Brightsurf Science News & Current Events

October 03, 2003
Emory's Jeffrey Koplan joins Hong Kong SARS expert committee in report to government
Jeffrey P. Koplan, MD, MPH, vice president for academic health affairs at Emory University, is one of 11 international public health experts who reported today to the Hong Kong government on lessons learned from that country's SARS outbreak.

NIAID initiative addresses primary immune deficiency diseases
The study of primary immunodeficiency diseases--disorders caused by inherited flaws in the immune system that increase susceptibility to infections--has been bolstered by a $12.8 million initiative sponsored by the National Institutes of Health (NIH).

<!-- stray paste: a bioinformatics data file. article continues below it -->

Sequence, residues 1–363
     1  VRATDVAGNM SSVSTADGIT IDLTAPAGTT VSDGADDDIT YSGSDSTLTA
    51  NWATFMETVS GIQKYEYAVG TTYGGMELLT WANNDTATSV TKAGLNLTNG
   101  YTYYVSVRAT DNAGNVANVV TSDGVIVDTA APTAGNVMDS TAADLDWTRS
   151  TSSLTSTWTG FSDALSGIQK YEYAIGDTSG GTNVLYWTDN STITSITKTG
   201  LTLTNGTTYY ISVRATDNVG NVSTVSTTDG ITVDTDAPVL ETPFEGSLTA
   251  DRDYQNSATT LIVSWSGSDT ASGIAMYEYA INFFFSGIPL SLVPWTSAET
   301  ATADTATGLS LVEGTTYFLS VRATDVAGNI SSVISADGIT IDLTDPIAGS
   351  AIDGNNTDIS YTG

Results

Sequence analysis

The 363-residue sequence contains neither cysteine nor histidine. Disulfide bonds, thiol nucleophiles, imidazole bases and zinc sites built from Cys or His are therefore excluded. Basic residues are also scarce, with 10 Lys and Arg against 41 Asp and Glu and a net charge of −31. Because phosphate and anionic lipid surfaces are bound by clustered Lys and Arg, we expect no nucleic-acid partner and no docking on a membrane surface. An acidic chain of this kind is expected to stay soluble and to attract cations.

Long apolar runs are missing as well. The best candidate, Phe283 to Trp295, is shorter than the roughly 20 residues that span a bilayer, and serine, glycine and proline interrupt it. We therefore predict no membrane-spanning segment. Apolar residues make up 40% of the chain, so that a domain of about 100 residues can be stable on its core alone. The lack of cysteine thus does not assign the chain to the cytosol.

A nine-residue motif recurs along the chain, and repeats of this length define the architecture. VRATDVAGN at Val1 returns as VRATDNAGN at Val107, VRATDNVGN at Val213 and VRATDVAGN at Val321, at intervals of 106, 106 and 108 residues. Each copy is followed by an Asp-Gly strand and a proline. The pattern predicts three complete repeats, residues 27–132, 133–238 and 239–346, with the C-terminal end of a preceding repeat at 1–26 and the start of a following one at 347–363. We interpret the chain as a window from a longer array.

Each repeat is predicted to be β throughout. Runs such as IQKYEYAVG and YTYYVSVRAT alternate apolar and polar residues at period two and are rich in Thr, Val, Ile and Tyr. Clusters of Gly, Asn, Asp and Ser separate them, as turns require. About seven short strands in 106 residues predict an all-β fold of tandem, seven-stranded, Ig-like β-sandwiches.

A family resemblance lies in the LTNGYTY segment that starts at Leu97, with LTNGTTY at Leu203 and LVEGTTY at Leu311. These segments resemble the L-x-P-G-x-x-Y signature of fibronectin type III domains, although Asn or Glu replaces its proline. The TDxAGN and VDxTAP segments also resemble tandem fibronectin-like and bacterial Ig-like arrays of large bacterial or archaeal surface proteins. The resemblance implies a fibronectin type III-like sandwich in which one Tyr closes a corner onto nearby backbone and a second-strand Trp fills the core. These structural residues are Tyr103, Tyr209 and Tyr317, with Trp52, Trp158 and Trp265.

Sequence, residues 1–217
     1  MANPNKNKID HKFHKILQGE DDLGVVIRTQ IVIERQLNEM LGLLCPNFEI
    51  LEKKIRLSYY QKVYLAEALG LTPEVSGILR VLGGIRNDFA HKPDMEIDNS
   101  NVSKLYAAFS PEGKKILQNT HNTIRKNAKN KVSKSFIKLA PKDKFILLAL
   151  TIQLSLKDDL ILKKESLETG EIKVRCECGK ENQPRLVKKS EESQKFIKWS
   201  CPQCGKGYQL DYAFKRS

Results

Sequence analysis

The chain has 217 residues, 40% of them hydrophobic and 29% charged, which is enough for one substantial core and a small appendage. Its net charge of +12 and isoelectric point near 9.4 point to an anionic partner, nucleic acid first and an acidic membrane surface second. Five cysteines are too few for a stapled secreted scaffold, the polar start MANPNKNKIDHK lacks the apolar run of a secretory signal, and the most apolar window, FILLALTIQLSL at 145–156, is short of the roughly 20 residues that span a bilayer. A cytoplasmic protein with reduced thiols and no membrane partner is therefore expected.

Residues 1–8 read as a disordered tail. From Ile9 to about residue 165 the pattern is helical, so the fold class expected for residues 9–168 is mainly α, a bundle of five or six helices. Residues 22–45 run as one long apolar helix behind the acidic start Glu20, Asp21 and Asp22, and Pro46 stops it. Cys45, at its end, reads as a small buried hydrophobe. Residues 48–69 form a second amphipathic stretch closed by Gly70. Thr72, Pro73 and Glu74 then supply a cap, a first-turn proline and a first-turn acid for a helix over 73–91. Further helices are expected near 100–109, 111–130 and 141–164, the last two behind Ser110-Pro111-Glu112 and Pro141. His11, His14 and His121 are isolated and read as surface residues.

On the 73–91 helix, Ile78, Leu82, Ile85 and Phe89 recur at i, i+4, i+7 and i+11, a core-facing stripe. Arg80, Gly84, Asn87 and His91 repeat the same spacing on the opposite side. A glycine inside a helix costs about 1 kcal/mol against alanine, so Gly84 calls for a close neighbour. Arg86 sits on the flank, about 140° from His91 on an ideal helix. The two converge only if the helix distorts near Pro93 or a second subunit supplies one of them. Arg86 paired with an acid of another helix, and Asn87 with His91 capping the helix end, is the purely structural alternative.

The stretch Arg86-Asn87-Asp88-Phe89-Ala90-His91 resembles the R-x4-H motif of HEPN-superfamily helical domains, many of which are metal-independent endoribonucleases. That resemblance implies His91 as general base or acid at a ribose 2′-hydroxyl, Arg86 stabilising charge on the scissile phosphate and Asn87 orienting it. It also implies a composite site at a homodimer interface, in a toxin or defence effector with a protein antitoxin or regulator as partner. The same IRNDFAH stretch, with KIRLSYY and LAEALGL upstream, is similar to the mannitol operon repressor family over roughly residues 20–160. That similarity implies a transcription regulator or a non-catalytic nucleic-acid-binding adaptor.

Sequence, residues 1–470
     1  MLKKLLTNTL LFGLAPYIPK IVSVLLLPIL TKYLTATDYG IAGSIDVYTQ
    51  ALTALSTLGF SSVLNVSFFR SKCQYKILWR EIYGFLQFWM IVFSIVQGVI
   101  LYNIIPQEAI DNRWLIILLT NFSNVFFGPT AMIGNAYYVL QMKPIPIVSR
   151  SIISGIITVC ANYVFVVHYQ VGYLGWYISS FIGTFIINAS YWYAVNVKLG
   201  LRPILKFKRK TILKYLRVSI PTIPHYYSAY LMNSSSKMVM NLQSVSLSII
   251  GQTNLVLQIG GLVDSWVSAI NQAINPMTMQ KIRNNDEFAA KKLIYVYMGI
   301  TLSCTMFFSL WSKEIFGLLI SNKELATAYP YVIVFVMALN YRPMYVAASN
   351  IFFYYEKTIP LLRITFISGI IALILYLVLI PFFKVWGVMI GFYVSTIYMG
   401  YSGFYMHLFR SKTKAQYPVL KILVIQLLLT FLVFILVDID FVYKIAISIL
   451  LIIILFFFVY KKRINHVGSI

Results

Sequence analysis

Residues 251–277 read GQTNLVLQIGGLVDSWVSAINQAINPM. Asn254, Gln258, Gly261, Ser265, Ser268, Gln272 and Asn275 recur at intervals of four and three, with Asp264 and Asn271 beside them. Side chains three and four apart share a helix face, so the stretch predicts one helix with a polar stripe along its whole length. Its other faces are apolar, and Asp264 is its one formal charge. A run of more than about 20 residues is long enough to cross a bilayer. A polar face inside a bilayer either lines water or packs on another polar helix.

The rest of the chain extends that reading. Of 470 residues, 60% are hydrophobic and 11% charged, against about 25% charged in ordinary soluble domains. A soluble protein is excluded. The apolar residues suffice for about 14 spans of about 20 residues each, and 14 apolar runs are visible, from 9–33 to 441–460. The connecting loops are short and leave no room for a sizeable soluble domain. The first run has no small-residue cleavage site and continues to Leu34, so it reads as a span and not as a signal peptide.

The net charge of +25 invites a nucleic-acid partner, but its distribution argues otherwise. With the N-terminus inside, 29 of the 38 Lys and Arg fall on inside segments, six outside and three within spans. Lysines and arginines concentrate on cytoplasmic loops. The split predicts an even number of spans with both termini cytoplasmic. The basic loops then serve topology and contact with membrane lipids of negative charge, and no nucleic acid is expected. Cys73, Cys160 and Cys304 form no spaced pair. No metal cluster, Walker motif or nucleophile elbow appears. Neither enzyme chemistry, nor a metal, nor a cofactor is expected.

Benchmark study of brain tumors points to resection over biopsy as one key to survival
Patients with gliomas, the most common type of brain tumor, have a more favorable outcome with surgical resection in a craniotomy procedure that opens the skull than patients who have only a biopsy for a tumor, according to a study led by researchers at the University of Virginia Health System.

Space leaders to share visions of launchers to come
Some of the top names in the space launch sector will share their views of the future at a plenary session today organised by ESA Director General Jean-Jacques Dordain.

NSF awards $68 million for new engineering centers
The National Science Foundation (NSF), the independent federal agency that supports fundamental research and education across all fields of science and engineering, announces four new Engineering Research Centers (ERCs), an initial estimated NSF investment of $68 million over the next five years.